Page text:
Valencia away: won. Bolton away: won. Middlesbrough away: won. Consider those three fixtures after Avram Grant had his first at Stamford Bridge, a 0-0 draw against Fulham, and consider the state he and Chelsea would be in if all three had gone the other way. Or two of them. Or even one.
So volatile is the atmosphere Grant was pitched into at Chelsea that for him to have emerged intact from six fixtures in total – five of which have been on the road – is a statement about his personal stickability. Only one has been lost, the first, at Manchester United.
Chelsea now face Schalke in the Champions League at Stamford Bridge on Wednesday night and the mood, reception and result will reveal much about where the club and Grant are one month after Jose Mourinho's departure. Bearing in mind that under 25,000 turned up for the Rosenborg game in the same competition, the attendance will be worth noting too.
It is much too soon to say a corner has been turned. Didier Drogba, who indicated his desire to move, was not the only player to talk during the international break; so did Florent Malouda and his opinion is: "We cannot say the club is back on track and not in crisis. Honestly, right now we can't pretend we can win the Premier League. Even if we won in Valencia and Bolton, we are not dominating and we didn't really control the game."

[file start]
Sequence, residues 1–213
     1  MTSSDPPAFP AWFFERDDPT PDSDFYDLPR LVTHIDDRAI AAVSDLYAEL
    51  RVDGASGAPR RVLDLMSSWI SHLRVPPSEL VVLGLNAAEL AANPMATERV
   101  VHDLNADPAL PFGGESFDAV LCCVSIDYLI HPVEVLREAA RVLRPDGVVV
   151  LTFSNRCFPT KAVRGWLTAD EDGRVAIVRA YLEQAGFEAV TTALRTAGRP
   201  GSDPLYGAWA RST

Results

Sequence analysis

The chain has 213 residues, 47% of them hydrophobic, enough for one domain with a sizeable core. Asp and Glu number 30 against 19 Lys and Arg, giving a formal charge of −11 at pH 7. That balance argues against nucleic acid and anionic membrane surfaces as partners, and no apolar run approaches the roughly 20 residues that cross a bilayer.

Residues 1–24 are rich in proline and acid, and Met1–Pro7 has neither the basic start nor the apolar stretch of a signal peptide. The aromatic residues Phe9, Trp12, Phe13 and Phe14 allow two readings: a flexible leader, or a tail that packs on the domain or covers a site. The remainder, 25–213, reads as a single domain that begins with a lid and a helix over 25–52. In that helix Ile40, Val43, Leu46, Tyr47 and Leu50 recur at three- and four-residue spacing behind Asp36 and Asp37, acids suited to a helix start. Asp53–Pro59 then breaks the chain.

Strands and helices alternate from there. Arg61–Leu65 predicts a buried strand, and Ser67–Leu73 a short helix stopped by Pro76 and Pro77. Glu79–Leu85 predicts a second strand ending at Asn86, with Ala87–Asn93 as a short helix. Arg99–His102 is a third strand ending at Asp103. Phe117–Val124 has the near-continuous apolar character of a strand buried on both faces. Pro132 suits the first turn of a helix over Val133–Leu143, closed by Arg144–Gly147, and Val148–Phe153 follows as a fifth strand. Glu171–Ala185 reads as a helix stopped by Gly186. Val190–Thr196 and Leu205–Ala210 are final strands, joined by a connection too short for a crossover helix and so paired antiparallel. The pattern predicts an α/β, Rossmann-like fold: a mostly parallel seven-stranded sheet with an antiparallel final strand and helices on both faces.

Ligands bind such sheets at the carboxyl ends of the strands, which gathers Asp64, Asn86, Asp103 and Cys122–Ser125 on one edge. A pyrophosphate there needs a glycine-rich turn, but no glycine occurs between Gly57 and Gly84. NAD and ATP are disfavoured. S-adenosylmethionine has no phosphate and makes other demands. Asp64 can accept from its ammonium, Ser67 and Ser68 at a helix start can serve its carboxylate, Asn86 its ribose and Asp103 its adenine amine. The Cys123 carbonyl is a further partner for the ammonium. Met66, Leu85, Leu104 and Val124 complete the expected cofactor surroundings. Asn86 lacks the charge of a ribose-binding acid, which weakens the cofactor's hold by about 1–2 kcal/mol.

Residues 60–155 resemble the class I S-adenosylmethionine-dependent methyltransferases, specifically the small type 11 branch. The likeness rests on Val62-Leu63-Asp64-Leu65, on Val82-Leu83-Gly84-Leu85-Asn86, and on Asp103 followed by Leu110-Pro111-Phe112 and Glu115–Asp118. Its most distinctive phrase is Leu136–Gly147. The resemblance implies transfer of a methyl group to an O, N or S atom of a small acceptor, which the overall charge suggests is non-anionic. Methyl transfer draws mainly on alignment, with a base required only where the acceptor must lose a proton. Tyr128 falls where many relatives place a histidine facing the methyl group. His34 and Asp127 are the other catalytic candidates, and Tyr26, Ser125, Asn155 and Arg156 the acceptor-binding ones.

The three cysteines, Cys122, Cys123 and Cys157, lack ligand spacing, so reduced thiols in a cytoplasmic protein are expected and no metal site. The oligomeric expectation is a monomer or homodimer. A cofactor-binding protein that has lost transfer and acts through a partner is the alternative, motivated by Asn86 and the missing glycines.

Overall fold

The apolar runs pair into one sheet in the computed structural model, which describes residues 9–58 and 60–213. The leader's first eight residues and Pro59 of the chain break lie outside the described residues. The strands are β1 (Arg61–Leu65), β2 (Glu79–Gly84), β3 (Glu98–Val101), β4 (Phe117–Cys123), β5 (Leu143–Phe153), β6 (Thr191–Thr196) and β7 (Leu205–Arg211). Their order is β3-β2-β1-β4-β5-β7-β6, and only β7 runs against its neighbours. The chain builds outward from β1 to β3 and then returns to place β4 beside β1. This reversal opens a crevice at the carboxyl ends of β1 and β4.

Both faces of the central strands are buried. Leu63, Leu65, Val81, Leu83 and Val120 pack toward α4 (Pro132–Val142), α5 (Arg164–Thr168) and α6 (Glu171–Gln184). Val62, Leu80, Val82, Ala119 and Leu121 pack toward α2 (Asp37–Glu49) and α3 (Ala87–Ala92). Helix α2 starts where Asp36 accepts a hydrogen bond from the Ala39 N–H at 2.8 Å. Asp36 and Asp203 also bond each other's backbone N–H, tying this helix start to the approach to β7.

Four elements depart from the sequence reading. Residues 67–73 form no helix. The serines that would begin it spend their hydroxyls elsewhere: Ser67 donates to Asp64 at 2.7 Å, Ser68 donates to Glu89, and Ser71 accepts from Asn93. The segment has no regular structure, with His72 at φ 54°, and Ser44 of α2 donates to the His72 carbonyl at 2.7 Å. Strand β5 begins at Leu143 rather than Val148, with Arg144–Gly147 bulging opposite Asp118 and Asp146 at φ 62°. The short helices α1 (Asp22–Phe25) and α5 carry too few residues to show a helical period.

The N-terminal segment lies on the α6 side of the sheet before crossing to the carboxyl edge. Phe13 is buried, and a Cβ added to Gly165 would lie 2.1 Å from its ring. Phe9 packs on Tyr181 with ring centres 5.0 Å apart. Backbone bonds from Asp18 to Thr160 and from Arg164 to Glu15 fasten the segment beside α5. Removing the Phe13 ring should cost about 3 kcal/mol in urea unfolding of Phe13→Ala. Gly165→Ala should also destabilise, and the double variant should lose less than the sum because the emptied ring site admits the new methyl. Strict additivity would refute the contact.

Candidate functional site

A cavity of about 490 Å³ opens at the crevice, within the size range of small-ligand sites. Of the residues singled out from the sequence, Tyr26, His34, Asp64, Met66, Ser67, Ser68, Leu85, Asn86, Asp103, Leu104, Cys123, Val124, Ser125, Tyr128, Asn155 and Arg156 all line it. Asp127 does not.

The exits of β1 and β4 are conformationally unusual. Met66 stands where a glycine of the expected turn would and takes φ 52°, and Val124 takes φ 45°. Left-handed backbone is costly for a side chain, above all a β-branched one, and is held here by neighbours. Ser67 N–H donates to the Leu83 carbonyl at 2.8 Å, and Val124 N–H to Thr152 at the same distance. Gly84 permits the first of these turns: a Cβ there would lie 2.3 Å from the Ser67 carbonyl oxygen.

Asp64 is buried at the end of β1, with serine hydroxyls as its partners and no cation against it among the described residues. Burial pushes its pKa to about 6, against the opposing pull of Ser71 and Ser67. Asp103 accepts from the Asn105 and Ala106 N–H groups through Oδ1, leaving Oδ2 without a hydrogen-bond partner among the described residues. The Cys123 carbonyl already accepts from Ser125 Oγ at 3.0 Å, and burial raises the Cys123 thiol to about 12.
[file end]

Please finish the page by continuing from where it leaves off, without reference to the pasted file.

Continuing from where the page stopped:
That does not smell like team spirit. But as each games goes by, the relentlessness of football at Chelsea's level means the focus on the past should fade, even one orchestrated by Mourinho.
Nothing helps the present quite like victories, of course. Defeat here, where Chelsea had lost on their previous two visits, and the body language of Drogba and others would have been deconstructed. Instead the sometimes want-away striker scored in the eighth minute and led the line with endeavour and skill.
According to Petr Cech, Drogba has rationalised his comments to his teammates. They appear to have accepted his version.
"Of course we are together as a team," the goalkeeper said. "He [Drogba] explained himself which he has a right to do. Everyone has a right to do that. As long as he plays 100 per cent for the team, and he's been doing that for years, doing it every time, then that's fine.
"Didier's best answer was today on the pitch. He gave absolutely 100 per cent for us. He played an important game and found a crucial goal. What more can you say than that?"
Well, plenty. But on Saturday how Drogba played did matter and he did not sulk.
Grant used the word "entertainment" when outlining an overall philosophy but this performance was more about Chelsea's competence, Drogba's toughness and Middlesbrough's diffidence than a sudden switch to Keeganism at the Bridge. How Grant, Roman Abramovich and Henk Ten Cate approach the visit of Manchester City on Saturday will be instructive: City have more points and have scored more and conceded less.
Here, there was an old-fashioned blockbuster of a second goal from Alex but judgment can wait, particularly given Boro's poor display. Gareth Southgate has a bedrock of goodwill on Teesside but it will be eroded by efforts like this – why pick Tuncay Sanli ahead of Lee Cattermole?
But there were no raucous jeers at the end. Not even for Drogba, who kissed his shirt a few days after disowning it.